all on this campus, the chance
to parade before the stadium
crowds at football games.
To allow women cheerleaders
will not satisfy this craving. The
permanent solution will only come
through education. The people
concerned must be taught that
ladies do not make public exhibi-
tions of themselvets, and I for
one prefer ladies.
-Frederick P. Furth, '59
Quote . .
To the Editor:
1 'PtrTV M,,mh.c.,, 1r 1Sri O s

to establish himself as a credit to
the traditions of the University
and to the University itself. The
statement in The Michigan Daily
actually implies the opposite of
what I originally felt and stated.
-Louis Pavloff, '62LSA
Elections
To the Editor:
TUESDAY evening I was in
charge of the SGC polling sta-
tion in front of the Undergraduate
Library. During that time I made
an interesting observation that, if
typical at other polling stations,
should make those students who
did not vote ashamed of them-
selves From 80 to 90 per cent of all
foreign students that passed the
station eagerly stopped for one or
two minutes to cast their ballots
in a free election that all too
many of them must consider a rare
privilege-indeed for some of them
it was quite probably their first
time! And what was the percent-
age of American students who
stopped to vote? Probably less
than 10 per cent! True, many of
them may have voted earlier in the
day, but not all of the remaining
90 per cent had voted previously.
And how about the dozens and
dozens of American students who
approached the station lackadaisi-
cally, glanced at the list of candi-
dates, sneered and looked bored,
and turned away?
I suggest that all owners of ID
cards without a hole in the num-
ber 4 space take a tip from those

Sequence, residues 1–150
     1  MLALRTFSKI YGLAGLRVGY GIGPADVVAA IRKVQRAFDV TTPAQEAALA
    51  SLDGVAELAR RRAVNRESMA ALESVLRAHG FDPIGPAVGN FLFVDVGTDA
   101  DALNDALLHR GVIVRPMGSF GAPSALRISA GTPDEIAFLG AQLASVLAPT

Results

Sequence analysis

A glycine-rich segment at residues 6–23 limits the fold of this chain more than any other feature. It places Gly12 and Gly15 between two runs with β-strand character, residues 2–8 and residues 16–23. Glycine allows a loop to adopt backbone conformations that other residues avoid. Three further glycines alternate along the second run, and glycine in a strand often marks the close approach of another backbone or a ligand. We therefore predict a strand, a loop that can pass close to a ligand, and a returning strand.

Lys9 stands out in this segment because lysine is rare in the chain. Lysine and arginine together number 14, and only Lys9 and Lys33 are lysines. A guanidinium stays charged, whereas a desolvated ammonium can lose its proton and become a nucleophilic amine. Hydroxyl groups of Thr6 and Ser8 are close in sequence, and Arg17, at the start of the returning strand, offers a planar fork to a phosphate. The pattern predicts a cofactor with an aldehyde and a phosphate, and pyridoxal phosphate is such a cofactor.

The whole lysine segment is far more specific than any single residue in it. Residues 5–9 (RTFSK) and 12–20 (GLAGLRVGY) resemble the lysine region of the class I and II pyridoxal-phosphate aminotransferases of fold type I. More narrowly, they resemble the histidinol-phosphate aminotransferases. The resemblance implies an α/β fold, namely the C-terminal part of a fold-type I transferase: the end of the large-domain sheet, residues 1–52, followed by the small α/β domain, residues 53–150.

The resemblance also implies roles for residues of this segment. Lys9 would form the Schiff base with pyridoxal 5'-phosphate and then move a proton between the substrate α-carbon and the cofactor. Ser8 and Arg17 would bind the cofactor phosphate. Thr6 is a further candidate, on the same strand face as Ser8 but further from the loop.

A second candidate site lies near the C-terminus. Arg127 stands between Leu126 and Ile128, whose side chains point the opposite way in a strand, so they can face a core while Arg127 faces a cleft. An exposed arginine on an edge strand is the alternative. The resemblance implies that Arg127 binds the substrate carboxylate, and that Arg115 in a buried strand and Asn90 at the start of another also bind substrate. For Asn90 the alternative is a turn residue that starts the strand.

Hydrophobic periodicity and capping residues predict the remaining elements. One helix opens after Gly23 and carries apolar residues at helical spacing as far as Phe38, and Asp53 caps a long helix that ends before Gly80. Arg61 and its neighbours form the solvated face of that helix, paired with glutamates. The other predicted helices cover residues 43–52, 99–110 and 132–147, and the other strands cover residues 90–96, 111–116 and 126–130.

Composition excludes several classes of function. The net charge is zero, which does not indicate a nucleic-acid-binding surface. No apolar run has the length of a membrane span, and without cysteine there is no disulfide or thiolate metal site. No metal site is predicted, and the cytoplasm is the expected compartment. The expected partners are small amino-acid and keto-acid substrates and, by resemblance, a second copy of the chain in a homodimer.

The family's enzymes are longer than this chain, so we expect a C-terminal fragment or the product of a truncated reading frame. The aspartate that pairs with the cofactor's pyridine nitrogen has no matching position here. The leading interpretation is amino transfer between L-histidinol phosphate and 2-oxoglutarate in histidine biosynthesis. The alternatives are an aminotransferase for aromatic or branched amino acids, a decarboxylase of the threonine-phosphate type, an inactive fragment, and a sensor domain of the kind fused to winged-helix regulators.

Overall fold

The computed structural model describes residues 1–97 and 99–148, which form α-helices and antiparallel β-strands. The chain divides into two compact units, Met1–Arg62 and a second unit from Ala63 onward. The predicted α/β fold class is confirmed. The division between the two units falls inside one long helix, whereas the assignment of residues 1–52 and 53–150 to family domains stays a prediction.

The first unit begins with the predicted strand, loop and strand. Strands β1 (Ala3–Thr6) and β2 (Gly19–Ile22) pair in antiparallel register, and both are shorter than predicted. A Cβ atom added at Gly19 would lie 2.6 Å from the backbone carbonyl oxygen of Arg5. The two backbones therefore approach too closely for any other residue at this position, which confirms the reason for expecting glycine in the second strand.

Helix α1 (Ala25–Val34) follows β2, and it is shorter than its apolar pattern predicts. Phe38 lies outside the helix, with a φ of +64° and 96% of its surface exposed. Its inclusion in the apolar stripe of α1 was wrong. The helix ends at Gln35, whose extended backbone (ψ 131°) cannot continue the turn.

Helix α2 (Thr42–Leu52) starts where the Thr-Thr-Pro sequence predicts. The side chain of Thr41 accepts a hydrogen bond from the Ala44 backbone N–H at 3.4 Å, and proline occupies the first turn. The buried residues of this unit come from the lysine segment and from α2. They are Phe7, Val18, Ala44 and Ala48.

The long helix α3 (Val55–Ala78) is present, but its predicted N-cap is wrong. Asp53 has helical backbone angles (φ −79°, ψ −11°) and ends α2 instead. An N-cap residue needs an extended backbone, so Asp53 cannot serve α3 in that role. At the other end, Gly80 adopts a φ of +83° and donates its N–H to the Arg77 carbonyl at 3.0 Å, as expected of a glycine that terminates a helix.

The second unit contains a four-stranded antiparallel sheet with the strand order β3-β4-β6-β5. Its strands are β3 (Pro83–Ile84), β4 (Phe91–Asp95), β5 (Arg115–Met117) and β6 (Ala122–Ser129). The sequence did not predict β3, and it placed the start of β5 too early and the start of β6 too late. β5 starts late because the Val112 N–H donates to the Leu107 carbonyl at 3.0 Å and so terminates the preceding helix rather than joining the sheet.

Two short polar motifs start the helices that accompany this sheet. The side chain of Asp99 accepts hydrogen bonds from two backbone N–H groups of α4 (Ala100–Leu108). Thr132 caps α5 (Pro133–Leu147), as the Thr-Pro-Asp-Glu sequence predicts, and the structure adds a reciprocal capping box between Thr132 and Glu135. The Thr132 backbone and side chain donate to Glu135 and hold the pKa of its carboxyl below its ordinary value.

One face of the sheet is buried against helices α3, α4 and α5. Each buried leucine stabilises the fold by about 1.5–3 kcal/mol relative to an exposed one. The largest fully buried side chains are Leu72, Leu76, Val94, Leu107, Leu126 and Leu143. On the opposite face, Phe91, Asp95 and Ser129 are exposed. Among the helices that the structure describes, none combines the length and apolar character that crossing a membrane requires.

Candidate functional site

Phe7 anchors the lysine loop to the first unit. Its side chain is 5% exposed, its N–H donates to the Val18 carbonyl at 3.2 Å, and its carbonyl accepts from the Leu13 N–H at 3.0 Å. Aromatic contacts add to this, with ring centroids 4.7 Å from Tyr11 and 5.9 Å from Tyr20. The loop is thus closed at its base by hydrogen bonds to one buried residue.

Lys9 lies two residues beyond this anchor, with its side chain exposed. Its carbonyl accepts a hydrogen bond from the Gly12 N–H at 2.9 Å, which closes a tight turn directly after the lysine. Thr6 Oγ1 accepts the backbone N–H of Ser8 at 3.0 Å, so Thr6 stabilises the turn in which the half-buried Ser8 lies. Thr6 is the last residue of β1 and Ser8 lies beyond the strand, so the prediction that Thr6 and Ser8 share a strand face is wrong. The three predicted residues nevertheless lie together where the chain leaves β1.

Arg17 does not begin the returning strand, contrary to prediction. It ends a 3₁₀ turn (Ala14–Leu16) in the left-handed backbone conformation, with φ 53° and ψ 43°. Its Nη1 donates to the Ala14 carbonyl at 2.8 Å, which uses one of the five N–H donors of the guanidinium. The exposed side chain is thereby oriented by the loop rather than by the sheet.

foreign students who know the
value of the free election and get
in the voting habit lest that price-
less privilege slip disastrously
away.
vIonrian s u hahhnri xn

tis insured fair elections. By hav-
ing a small number of polls all lo-
cated on the main campus, thous-
ands of students in Business Ad-
ministration, Architecture and
Design, Education, Law, Dentis-
try, and other off-campus schools
were practically disenfranchised,
thus insuring completely biased
elections. To have closely watched
polls an deliminate certain groups
of voters will not give a desirable
result. This would be comparable
to having polling places for all
national elections located in Ver-
mont.
--Allan R. Drebin
Drinking ..
To the Editor:
AN OPEN LETTER to Mr. H. 0.
Crisler:
No, Mr. Crisler, this is not
George Washington's farewell ad-
dress; this is one from an alumnus
whose football spectator career
with Michigan teams dates back
to the 1922 season when, as a
freshman, I cheered Goebel and
Kirk, Kipke and Cappon, at Ferry
Field. Come to think of it, I was
watching Michigan teams while
still in elementary and high
schools whenever they met the
Maroons at Stagg Field in Chi-
cago.
But that's all over now, Mr.
Crisler. I'm thru with conditions
as they exist at Michigan Stadium
now-and as they have for the
past several years. I'm sick to
death of the open air saloon that
you tolerate every Saturday.
I'm not a prude, or a charter
member of the W.C.T.U.; I enjoy
a sociable highball or a cocktail